This awareness of her own mortality that pushes her to experience the world reaches back into her youth, long before she had studied cognitive and behavioral therapy. As a young person, someone once told her that when we die, there is no afterlife, just nothingness. Sometimes she would lie awake in bed at night, contemplating that idea.
“I tried to think about nothing, and just be a void. And at some point, I would always realize that I’m still thinking about being the void, so there has to be some nothingness that’s even more nothing than what I’m capable of, and that would lead to a panic attack.” She laughs a little explaining the memory.
In at least one way, her tendency to live fully is also connected to her counseling. She says that without even realizing it, we often end up living our lives based on values and expectations that have been placed on us – often by people who care about us – rather than living as our genuine selves. Sometimes people experience a crisis of identity as they approach the end of their lives or careers, having never really understood themselves. Jenna plans on avoiding this.
“So I’m constantly trying to figure that out, ‘What do I want?’” Part of sorting through this is trying everything there is to try, making connections with as many people as possible.
Jenna had observed the same problem with Morgantown that Theresa had: it’s hard to make friends after college. It was hard to even find out what was happening. The common observation was probably one reason that Theresa and Jenna got along so well. But there were also ways in which the two were different. Jenna was less talkative at first, and there were slight cultural misunderstandings.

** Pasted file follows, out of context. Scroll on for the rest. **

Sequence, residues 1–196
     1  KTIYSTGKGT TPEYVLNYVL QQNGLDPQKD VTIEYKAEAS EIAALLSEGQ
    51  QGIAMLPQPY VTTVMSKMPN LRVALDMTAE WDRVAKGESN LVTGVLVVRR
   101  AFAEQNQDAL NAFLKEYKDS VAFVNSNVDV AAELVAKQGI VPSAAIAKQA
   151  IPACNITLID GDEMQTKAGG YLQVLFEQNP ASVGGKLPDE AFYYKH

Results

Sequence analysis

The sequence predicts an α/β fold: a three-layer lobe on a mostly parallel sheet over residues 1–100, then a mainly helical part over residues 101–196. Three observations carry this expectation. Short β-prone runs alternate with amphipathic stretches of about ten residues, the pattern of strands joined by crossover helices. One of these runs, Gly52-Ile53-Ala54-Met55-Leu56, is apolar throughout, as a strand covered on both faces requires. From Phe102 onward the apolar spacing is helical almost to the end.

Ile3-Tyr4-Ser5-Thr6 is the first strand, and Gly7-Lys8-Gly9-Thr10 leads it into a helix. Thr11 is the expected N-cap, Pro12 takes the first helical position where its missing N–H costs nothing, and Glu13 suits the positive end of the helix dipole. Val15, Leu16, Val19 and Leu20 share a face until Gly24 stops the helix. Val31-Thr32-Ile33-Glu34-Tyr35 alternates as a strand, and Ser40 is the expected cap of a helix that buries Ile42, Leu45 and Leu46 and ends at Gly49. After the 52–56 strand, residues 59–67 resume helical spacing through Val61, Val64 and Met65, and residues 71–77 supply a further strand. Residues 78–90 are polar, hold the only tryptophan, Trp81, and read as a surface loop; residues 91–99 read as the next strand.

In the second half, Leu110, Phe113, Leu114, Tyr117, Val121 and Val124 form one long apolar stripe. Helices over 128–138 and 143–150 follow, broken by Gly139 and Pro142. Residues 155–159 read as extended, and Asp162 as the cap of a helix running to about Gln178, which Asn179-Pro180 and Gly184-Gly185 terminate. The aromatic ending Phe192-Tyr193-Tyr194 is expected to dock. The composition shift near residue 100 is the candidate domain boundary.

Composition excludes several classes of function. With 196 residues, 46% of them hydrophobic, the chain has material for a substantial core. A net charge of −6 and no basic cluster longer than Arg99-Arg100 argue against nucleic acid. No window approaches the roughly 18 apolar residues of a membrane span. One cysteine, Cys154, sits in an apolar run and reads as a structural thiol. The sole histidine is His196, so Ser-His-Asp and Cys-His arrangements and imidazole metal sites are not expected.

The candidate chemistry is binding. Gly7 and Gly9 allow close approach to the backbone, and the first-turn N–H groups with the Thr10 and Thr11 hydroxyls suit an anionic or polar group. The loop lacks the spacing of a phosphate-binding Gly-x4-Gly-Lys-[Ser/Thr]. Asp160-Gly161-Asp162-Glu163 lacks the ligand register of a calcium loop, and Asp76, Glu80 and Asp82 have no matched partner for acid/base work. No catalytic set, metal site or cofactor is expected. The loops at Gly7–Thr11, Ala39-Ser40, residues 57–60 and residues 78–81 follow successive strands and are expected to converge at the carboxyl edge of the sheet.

“I kept calling the girls bitches,” Theresa says with a laugh, “and she thought that meant I was mad at her all the time.” (She had, of course, been using the term in an endearing manner.)
Nevertheless, the friendship was cemented, and the two began hosting wine parties for small groups. Most people attending wine club seemed to share their difficulty in finding a community in Morgantown. After a few months, the group was ready to scale up.
Morgantown Social club officially originated on meetup.com. Very few Morgantown residents seemed to use the site, but lots of people who had moved to Morgantown from other cities were familiar with it.
“Without even trying, we actually created a club that was catering to transplants,” Theresa says. “The first event, out the gate, we had over 30 people show up.” She couldn’t believe it.
The club still meets regularly at rotating locations throughout the city. It operates primarily through Facebook now, and people post all sorts of events to the group’s wall.
Theresa and Jenna’s best friends are people they met through Morgantown Social Club. There is no way to track the many interpersonal connections that have changed the lives of its members. Theresa and Jenna both tell of people who have stopped attending the club because they’ve made close friends there, and have splintered off to spend more time together.
They are missed, but Theresa and Jenna accept their absence, if only as an unmistakable sign of their success.